The collective Red Canaria for the Rights of Migrants has warned that the coming calm sea and good weather over the Atlantic Ocean could lead to a new uptick in the arrival of boats to the Canary Islands from next October.
Last year, according to the collective, about 60% of the 23,023 people who arrived in the Canary Islands by boat did so during October, in which 5,328 people reached the coast. The 31 days of October 2020 were the most intense of the year in boat arrivals, only comparable with the data recorded in the cayucos crisis of 2006 and 2007, according to the data provided by the Spanish Ministry of the Interior.
With an average of 144 migrants per day, arrivals recorded in the first two weeks of October 2020 put the islands’ reception resources on edge.
The figures are of considerable concern to humanitarian organizations and public institutions. Thus, during the first eight months of 2021, the figure for the same period of 2020 has been exceeded, with 7,292 people arriving onboard boats and cayucos until August 1.
The ‘calm of the sea.’
The uptick experienced in the so-called Canarian Route is not a coincidence. In October, the islands enter a period of ‘calm of the sea’ where the usual meteorological elements of the Canary Islands, such as the Saharan advection, are inactive, making this area of the Atlantic a calm sea ideal for navigation.
The source of the trade winds, the anticyclone of the Azores, thrives its strength in this period or varies its position in the North Atlantic, facilitating meteorological stability.
In addition, in this period, the ‘upwelling’ effect of the ascent of deep cold waters decreases by combining a whole series of elements in a phenomenon that usually lasts a few weeks. The archipelago changes its windy gusts for a breeze or even absence of winds, which align with a temperature in the water quite pleasant since the sea has received the heat of July and August and has not yet had time to cool as it happens in the winter.
This balance of temperatures in the sea and the continent is key, and other factors such as clean skies facilitate navigation.
The collective Red Canaria for the Rights of Migrants assures that the islands are not prepared for the new uptick in the arrival of boats that is about to fall, since as they denounce in a statement, little has been done to prepare the infrastructures, agreements, or resources for a dignified reception.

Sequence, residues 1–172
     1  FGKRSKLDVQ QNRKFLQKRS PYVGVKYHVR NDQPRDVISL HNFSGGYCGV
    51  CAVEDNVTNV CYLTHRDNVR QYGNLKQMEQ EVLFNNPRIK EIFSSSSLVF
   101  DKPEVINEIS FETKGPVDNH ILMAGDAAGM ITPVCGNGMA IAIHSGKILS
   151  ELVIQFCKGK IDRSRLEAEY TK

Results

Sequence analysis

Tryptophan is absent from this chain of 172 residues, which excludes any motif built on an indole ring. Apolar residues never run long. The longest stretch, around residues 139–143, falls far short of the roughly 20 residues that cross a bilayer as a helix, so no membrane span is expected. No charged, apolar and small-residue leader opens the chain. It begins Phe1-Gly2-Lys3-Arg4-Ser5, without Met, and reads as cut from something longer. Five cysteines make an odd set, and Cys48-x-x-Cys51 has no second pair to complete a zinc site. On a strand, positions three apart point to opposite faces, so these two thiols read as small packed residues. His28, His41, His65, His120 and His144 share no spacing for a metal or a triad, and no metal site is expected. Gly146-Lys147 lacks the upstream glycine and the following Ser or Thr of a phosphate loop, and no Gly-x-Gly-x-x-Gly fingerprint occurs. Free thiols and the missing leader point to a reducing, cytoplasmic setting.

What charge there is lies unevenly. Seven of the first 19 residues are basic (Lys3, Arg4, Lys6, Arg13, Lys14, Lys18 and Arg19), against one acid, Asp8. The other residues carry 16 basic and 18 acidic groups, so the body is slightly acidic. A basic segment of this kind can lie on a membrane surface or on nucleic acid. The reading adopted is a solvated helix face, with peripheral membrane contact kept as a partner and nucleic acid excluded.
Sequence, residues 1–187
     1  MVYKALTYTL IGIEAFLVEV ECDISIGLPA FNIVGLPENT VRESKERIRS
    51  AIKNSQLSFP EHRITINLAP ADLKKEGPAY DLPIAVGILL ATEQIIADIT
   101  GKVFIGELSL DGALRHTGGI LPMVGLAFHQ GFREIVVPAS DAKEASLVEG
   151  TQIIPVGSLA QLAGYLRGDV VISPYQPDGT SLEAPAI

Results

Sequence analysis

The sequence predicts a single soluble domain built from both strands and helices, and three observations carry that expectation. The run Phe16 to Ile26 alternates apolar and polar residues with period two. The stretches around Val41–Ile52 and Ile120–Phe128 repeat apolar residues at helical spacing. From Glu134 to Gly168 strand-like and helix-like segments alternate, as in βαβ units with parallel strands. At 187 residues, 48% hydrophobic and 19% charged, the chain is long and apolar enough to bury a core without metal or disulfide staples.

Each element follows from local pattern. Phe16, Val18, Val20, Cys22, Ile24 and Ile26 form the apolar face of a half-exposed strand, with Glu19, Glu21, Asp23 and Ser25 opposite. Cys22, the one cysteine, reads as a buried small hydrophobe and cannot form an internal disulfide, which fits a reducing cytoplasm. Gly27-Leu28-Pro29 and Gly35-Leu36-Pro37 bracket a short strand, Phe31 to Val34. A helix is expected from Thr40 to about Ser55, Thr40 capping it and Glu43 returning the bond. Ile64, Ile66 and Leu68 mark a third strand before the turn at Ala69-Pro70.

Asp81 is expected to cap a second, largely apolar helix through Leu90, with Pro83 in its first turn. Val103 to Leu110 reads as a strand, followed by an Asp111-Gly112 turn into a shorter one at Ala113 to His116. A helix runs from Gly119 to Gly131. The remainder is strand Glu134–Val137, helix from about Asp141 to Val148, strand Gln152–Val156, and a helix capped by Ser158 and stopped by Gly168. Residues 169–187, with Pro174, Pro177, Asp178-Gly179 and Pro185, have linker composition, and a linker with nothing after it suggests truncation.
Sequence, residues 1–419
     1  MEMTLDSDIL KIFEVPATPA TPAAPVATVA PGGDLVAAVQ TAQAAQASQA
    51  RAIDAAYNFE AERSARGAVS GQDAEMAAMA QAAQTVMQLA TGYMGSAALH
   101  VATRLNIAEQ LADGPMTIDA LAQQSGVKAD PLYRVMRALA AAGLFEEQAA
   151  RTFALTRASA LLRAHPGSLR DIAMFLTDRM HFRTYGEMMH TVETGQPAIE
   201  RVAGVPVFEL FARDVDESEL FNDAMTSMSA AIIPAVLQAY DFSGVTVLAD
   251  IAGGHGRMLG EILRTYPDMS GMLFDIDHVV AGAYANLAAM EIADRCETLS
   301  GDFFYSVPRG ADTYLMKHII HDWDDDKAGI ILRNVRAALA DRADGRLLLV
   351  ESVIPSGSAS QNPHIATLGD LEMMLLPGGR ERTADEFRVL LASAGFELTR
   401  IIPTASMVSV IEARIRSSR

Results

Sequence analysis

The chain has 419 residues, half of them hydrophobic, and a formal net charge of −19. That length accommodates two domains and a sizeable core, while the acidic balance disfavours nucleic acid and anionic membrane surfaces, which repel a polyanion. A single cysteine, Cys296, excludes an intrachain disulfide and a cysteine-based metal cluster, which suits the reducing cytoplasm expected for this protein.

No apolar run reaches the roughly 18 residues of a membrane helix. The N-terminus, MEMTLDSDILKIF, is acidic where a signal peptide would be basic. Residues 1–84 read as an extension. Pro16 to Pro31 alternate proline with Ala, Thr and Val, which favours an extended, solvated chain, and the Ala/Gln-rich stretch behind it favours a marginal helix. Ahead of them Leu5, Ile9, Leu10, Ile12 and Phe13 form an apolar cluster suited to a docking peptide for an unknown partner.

In October 2020, the authorities set off their alarms when they spotted large boats again on the Canarian Route. These cayucos, mainly used for artisanal fishing in Senegal, the Gambia, and Guinea Bissau and very characteristic for their multicolored color, alerted to the reactivation of the departures from this coast.
Throughout 2021, the Senegalese have been one of the most frequent nationalities on board the boats due to the closure of fishing in the country. The fisheries agreement with the European Union and other powers has led to the plundering of Senegal’s waters and, therefore, a lack of fish, a shortage of jobs, and more poverty, according to humanitarian organizations working in the area and various civil entities in the African country.
The crisis in the fisheries sector, also fuelled by mismanagement, lack of vigilance, the explosion in the number of boats fishing in its waters, the arrival of large vessels engaged in industrial fishing and foreign vessels – mainly tuna vessels – have been some of the elements that have pushed the Senegalese to migrate to Europe.
Young people, faced with the predicament of lack of jobs, hunger, misery, and lack of opportunities, are increasingly trying to cross the deadliest route.
As a result of the crisis in the traditional fisheries sector of Senegal, The Gambia, and Guinea-Bissau, there has been a marked increase in the number of immigrants who have at some point worked in the fisheries sector.
Thus, while in the previous boat crisis (2006-2007), the number of migrants by trade as fishers was minimal, they are now the majority, according to the Senegalese Observatory of Migration.